Religion and the Senses in Early Modern Europe. Leiden and Boston: Brill, 2013. Pp. xxvi + 494. Hb, $234.00.
J. Michelle Molina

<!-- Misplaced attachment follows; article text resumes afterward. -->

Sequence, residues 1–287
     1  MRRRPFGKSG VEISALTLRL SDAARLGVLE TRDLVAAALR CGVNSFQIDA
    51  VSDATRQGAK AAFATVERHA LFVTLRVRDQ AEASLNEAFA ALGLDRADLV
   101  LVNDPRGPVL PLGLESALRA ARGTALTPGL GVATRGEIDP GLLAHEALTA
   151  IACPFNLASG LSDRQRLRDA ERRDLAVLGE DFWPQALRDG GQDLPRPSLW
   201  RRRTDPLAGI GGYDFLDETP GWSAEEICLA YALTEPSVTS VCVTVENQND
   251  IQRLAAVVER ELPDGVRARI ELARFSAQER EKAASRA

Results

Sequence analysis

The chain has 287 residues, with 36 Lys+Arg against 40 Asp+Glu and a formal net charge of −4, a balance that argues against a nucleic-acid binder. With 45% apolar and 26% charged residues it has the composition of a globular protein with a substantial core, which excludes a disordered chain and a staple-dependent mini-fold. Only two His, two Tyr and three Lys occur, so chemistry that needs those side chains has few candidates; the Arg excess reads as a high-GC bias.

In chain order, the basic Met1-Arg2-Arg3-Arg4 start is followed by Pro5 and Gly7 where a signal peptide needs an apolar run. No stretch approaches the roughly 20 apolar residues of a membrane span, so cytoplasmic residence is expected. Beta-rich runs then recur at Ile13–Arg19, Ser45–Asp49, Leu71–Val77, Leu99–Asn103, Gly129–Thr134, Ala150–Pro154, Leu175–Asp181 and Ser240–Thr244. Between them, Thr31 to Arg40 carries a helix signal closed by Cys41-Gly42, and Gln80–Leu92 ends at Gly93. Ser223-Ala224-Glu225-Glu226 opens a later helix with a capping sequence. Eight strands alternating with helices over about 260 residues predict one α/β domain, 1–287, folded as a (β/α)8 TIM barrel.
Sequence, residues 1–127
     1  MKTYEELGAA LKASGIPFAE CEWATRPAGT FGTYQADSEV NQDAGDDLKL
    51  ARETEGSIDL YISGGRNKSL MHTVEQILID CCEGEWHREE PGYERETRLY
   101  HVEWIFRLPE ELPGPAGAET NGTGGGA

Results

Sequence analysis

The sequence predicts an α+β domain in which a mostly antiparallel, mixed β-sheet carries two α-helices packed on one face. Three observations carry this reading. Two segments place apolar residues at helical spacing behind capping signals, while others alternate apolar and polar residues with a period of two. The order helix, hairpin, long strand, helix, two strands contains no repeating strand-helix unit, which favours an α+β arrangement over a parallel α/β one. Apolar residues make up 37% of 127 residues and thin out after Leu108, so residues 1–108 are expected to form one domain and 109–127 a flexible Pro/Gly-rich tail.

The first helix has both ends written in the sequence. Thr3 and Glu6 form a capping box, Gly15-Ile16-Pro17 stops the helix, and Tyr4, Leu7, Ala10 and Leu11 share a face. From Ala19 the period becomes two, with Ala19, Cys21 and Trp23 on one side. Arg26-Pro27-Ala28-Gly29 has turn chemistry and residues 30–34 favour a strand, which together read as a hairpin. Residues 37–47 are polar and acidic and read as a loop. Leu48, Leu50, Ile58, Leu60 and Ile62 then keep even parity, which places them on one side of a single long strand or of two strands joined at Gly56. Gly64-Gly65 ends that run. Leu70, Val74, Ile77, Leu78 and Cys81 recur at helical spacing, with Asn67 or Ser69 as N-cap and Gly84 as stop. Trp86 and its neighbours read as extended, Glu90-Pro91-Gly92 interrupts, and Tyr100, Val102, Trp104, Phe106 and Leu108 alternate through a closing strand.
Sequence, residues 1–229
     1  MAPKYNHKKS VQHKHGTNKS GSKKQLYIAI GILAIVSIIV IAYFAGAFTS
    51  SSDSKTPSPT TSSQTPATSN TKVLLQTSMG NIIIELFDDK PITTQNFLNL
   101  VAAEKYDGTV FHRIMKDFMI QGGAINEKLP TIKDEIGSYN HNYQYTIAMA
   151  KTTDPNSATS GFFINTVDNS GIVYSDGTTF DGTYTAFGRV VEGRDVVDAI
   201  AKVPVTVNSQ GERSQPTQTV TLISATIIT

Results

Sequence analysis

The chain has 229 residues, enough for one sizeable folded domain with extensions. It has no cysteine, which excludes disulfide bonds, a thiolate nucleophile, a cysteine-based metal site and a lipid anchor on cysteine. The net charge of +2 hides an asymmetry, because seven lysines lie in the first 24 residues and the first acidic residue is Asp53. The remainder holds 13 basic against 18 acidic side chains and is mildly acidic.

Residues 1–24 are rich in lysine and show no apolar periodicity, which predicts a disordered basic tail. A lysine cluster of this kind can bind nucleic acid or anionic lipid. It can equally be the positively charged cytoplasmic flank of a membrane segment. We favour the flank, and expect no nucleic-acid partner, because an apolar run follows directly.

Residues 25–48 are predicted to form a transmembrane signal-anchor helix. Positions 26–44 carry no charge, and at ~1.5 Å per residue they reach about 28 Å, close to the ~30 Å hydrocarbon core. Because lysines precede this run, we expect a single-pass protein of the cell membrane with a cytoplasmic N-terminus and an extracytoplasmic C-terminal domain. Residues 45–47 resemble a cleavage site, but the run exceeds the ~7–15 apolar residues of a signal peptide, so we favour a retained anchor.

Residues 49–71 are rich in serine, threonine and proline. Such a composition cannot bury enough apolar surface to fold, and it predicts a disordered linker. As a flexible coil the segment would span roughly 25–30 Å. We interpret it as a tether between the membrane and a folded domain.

In 1768, a young Swedish Lutheran, inspired by Voltaire, took up life as a merchant to learn more about the world and to find “true religion” based upon reason. When he boarded a ship to Corsica, his travelling companions were two hundred Mexican Jesuits recently expelled from the Americas. In close confines with these members of the Society of Jesus for the duration of his five-week journey, Thjülen chose to convert to Catholicism and, shortly after arriving in Italy, he became a Jesuit. This essay explores the nature of his conversion, utilizing affect theory to argue that he converted less to Catholicism than to the Society of Jesus, or—more precisely—Thjülen converted to remain in proximity to a particular Mexican Jesuit named Manuel Mariano (Emmanuele) de Iturriaga.